Written by KEN THOMAS, Associated Press, and CATHERINE LUCEY, Associated Press. AP Congressional Correspondent Erica Werner contributed to this report. ALAN FRAM, Associated Press, contributed elements on the House Budget Committee’s advancing the health care bill.

Written by BYLINE ALL CAPS, Associated Press. (add in any contributors that are in the AP story as stated on the story, name, affiliation, from where they contributed)

Email: news@stgnews.com

Twitter: @STGnews

Copyright 2017 The Associated Press. All rights reserved. This material may not be published, broadcast, rewritten or redistributed.

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5 Comments

  • comments March 16, 2017 at 10:42 am

    i’m gettin’ a real bad feeling about this donald.

    • .... March 16, 2017 at 5:10 pm

      Write a letter to Donald I’m sure he cares what you think. you want a crying towel !

  • Pheo March 16, 2017 at 11:50 am

    He is NOT keeping his promises made both before and after the election:

    “We’re going to have insurance for everybody. There was a philosophy in some circles that if you can’t pay for it, you don’t get it. That’s not going to happen with us.” 1/15/17

    “Obamacare has to go. We can’t afford it. It’s no good. You’re going to end up with great healthcare for a fraction of the price. And that’s going to take place immediately after we go in. Okay? Immediately. Fast Quick.” (CSPAN, Timestamp 34:23) 2/19/16

    “Everybody’s got to be covered. This is an un-Republican thing for me to say because a lot of times they say, ‘No, no, the lower 25 percent that can’t afford private.’ But– … I am going to take care of everybody. I don’t care if it costs me votes or not. Everybody’s going to be taken care of much better than they’re taken care of now.” – 60 Minutes, 9/27/15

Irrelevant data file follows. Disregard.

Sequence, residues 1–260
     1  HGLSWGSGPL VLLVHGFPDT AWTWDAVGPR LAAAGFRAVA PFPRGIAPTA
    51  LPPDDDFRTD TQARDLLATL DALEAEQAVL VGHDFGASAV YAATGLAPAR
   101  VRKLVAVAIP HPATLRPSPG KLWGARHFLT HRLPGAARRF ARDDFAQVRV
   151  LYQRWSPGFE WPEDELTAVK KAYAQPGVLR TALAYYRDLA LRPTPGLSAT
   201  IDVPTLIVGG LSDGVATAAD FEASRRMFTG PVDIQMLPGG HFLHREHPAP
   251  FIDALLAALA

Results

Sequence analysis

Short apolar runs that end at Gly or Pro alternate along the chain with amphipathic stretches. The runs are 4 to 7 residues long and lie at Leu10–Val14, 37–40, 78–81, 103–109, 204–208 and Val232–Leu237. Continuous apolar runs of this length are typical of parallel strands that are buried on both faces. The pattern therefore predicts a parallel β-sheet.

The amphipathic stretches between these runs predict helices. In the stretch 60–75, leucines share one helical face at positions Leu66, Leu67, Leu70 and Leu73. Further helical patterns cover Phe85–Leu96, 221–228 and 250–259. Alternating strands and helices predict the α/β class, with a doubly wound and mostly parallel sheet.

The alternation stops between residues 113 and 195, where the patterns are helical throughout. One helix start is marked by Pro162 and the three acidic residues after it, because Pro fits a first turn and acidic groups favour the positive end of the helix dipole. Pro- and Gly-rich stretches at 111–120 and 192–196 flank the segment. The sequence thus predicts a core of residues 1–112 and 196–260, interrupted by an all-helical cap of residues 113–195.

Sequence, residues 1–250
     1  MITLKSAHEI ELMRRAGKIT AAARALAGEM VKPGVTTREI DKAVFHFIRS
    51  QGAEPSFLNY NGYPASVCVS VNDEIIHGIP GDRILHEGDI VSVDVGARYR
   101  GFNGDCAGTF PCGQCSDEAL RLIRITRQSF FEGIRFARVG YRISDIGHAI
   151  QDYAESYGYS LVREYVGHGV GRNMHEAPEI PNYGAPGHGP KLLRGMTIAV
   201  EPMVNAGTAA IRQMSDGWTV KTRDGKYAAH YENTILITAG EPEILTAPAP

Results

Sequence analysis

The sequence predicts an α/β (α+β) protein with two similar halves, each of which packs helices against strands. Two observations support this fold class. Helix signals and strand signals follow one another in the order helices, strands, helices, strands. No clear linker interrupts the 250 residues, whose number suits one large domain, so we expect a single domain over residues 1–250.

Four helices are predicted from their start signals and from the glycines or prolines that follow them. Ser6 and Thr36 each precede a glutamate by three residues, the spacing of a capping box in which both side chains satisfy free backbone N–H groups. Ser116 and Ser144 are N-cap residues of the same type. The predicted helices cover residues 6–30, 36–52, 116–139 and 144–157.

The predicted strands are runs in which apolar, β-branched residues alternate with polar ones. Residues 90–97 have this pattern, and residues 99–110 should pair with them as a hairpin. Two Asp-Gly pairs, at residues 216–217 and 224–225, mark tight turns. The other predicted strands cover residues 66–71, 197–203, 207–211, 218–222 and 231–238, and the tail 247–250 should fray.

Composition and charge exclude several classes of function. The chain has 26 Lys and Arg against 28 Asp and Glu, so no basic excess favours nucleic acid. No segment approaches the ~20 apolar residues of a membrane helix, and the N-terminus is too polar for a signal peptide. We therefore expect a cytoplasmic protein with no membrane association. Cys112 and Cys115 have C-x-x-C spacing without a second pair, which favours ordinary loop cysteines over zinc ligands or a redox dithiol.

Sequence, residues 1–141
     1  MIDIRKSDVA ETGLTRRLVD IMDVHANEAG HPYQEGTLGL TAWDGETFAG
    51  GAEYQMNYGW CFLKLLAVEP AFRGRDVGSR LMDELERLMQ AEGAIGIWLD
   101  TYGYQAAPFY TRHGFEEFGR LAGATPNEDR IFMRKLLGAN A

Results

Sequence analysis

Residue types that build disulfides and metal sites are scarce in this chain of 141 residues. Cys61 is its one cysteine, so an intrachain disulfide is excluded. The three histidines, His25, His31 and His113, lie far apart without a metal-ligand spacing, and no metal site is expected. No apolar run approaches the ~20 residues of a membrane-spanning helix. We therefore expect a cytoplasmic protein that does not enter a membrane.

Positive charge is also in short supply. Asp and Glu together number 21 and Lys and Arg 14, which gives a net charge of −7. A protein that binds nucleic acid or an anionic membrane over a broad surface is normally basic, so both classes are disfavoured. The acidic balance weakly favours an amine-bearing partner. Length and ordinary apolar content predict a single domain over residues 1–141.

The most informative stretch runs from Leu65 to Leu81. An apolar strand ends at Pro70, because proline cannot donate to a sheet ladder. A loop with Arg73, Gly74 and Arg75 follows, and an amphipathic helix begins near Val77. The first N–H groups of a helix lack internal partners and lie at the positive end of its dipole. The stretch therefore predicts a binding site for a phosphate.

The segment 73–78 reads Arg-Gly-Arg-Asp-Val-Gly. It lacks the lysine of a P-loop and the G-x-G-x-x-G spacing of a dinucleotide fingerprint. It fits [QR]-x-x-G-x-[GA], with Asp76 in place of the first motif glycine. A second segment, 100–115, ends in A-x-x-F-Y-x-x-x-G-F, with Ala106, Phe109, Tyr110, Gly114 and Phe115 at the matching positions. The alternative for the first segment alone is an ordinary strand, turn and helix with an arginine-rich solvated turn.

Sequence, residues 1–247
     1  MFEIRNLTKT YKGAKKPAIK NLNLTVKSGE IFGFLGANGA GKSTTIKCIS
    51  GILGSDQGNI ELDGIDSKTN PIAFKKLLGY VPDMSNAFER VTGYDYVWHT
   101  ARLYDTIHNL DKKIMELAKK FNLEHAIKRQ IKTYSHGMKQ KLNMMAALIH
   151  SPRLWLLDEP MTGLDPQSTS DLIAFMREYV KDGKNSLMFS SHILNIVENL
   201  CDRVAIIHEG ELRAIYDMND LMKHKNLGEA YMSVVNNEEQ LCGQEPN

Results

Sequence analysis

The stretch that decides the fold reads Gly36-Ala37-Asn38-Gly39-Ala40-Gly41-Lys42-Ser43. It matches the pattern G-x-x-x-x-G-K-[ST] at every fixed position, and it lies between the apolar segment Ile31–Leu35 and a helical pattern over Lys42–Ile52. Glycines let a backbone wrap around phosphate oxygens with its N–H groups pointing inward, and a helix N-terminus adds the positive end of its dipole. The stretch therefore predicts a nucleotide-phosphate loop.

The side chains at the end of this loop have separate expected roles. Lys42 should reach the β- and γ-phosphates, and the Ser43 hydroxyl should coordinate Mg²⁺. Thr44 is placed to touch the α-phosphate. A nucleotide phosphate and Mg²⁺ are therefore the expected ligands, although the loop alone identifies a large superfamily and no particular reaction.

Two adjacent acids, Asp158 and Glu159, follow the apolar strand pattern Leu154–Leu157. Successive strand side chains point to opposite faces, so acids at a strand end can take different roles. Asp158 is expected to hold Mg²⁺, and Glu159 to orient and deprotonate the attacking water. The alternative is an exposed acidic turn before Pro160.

“We’re gonna come up with a new plan that’s going to be better health care for more people at a lesser cost.” ABC News, 1/25/17

    “There are people who say everybody should have a great, wonderful, private plan, and if you can’t afford that, and there is a percentage, a fairly large percentage that can’t afford it, then those people don’t get taken care of. That’s wrong. We’re going to take care of that through the Medicaid system. We’re going to take care of those people. We have no choice.” Dr. Oz, 9/15/16
    “The new plan is good. It’s going to be inexpensive. It’s going to be much better for the people at the bottom, people that don’t have any money. We’re going to take care of them through maybe concepts of Medicare. Now, some people would say, ‘that’s not a very Republican thing to say.’ That’s not single payer, by the way. That’s called heart. We gotta take care of people that can’t take care of themselves.” CNN GOP Townhall, 2/17-18/16

    “I’m not going to cut Medicare or Medicaid.” 5/21/15. The Daily Signal.

    But people having to change doctors under Obamacare was the end of the world.

    Taking away people’s healthcare to pay for huge tax cuts for the wealthy is cruel and immoral.

    • .... March 16, 2017 at 5:12 pm

      yeah Pheo ..I’m sure he’s the only politician that’s never kept a promise !

      • Real Life March 17, 2017 at 6:17 am

        5:12 pm. You on an all night bender?